• If you’re stuck for ideas, carry a notebook everywhere and write down your observations. You’ll get some great lines of dialogue by keeping your ears open on the bus or in cafes, and an unusual phrase may be prompted by something you see or smell.
  • Set up a writing environment that gets your creative juices flowing. The first thing here is to decide which room of the house is best suited for your creative writing efforts. There is no right or wrong here. Some people prefer to write in the bedroom, some in the living room, some set up a home office, some even in the bathroom! If you’d like to listen to music by writing, considering investing in a good headphone or on a sound system. Getting a comfortable and ergonomic chair can also be a good idea, especially if you were going to spend many hours per day writing. Last but not least, consider what kind of lighting and fragrances might help to make you more productive.
  • Work out the time of day when you’re at your most creative. For many writers, this is first thing in the morning – before all the demands of the day jostle for attention. Others write well late at night, after the rest of the family have gone to bed. Don’t be afraid to experiment!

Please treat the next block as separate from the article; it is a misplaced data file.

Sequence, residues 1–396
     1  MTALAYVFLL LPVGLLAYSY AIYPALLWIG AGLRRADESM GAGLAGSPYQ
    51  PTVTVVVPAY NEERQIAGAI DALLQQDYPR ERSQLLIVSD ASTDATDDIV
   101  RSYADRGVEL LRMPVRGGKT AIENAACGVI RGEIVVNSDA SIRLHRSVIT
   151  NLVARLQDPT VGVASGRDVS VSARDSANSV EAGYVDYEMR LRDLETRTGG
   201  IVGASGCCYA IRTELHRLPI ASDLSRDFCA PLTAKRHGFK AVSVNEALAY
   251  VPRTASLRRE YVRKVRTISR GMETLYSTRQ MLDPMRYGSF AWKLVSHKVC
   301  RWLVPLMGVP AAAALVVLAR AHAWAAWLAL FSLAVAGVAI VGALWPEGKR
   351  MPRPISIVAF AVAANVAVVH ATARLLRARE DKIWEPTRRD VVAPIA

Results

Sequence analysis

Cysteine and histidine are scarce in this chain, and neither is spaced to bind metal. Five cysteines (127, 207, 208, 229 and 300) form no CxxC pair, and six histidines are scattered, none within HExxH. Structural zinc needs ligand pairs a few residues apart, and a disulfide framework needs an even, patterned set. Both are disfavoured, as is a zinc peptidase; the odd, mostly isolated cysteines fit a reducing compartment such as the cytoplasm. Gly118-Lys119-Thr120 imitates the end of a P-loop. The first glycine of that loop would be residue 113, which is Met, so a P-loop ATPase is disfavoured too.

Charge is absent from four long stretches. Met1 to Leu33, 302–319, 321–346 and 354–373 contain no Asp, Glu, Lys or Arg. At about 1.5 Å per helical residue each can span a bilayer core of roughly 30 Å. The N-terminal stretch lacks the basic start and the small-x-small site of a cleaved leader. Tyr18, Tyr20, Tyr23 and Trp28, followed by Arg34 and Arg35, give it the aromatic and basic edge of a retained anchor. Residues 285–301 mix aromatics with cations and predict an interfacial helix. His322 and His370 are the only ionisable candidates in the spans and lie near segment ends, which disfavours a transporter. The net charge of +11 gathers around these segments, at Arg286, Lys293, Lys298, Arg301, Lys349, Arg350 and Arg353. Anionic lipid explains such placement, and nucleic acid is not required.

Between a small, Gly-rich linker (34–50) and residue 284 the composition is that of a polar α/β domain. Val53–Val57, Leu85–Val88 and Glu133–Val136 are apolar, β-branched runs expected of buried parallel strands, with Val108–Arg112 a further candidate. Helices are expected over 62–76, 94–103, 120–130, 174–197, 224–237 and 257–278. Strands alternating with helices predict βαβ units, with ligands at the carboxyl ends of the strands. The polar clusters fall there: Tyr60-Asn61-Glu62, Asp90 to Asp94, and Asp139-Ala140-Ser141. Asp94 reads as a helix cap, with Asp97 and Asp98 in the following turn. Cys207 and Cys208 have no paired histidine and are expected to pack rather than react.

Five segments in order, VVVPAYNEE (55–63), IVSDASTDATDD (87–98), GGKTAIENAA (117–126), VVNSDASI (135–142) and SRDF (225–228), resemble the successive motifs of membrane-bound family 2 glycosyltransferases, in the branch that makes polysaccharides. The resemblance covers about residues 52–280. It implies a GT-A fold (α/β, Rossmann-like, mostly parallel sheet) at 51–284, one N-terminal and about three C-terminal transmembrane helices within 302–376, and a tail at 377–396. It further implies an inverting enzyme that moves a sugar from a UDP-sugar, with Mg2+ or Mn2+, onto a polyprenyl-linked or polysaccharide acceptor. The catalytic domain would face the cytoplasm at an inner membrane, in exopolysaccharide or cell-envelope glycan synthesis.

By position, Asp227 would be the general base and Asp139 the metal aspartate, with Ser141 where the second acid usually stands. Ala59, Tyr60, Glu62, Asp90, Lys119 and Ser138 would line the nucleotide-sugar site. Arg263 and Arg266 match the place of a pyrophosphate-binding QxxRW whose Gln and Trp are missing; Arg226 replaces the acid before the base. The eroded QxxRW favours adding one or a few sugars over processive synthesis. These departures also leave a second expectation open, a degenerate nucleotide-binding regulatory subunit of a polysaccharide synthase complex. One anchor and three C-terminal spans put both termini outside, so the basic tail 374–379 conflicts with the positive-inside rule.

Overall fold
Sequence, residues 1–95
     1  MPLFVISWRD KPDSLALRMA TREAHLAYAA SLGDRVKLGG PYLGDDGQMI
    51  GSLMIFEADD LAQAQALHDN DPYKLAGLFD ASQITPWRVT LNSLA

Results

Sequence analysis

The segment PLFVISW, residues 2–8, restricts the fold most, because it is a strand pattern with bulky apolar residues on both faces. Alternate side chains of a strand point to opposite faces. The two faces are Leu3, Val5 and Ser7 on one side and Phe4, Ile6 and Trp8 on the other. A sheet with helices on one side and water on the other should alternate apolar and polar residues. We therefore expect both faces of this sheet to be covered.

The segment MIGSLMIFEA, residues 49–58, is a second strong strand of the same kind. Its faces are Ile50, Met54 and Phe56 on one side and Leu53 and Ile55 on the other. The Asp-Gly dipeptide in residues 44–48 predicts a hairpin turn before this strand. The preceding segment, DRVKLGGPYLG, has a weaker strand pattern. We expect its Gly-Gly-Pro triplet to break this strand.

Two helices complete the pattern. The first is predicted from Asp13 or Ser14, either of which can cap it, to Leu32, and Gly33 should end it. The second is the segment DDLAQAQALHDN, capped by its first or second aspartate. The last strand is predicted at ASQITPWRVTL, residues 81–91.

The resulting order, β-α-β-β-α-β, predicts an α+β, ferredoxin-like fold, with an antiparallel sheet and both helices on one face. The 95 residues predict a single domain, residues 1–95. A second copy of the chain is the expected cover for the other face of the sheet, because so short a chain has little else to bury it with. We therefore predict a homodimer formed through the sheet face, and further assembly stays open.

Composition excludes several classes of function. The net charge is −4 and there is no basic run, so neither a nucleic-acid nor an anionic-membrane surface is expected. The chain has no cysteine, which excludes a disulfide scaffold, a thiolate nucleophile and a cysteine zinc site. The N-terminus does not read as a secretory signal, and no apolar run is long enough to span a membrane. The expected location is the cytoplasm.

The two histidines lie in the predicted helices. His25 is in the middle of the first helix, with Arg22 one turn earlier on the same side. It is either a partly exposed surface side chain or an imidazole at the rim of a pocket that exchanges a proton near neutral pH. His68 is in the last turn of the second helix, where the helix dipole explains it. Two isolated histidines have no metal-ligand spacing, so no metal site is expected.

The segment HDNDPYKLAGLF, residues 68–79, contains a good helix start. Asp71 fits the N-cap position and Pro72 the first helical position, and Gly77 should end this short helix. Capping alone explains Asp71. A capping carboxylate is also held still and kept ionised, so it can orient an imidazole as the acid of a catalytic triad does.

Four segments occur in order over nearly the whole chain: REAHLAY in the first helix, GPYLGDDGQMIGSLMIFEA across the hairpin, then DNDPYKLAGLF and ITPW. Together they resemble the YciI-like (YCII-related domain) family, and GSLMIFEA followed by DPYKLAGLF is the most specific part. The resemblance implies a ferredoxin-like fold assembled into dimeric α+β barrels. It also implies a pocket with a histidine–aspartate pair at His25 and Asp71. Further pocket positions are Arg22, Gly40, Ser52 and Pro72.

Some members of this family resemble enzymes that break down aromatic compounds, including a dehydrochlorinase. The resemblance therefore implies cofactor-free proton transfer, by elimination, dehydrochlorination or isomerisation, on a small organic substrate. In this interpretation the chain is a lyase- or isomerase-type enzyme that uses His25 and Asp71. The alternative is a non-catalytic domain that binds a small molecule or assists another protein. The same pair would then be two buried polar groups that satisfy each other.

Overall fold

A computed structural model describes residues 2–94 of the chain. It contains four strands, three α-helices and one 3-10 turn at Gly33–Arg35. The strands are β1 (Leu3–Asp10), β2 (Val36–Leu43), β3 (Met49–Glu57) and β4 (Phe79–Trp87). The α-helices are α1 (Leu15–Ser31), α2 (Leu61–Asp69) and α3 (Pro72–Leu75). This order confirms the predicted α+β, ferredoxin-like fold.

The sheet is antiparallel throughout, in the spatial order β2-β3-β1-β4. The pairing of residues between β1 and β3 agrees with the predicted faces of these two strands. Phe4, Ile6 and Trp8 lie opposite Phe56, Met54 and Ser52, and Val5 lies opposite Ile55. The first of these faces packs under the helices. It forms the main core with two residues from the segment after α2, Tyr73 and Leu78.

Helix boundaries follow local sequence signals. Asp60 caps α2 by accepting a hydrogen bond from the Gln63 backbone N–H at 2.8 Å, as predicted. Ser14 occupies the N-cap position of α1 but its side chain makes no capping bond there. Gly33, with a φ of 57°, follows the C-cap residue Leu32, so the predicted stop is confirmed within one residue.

• Don’t agonize over getting it right. All writers have to revise and edit their work – it’s rare that a story, scene or even a sentence comes out perfectly the first time. Once you’ve completed the initial draft, leave the piece for a few days – then come back to it fresh, with a red pen in hand. If you know there are problems with your story but can’t pinpoint them, ask a fellow writer to read through it and give feedback.
  • HAVE FUN! Sometimes, we writers can end up feeling that our writing is a chore, something that “must” be done, or something to procrastinate over for as long as possible. If your plot seems wildly far-fetched, your characters bore you to tears and you’re convinced that a five-year old with a crayon could write better prose … take a break. Start a completely new project, something which is purely for fun. Write a poem or a 60-word “mini saga”. Just completing a small finished piece can help if you’re bogged down in a longer story.
  • Consider experimenting with artificial intelligence software that can generate writing prompts and even short stories. Technology is getting to a point where those computer generated texts are very sophisticated, and therefore they can help to inspire or even complement your creative writing work.

Online resources

Every November, hundreds of thousands of people just like you do something extraordinary: they write a novel in just thirty days. Want to be part of the coffee-fueled, manic-typing, adrenaline-rush that is National Novel Writing Month? (NaNoWriMo for short). Make sure you sign up by October 31st. The “rules” state that you can’t start writing Chapter 1 until 00.01am on November 1st but you can spend as long as you like before that planning…

Authors’ websites and blogs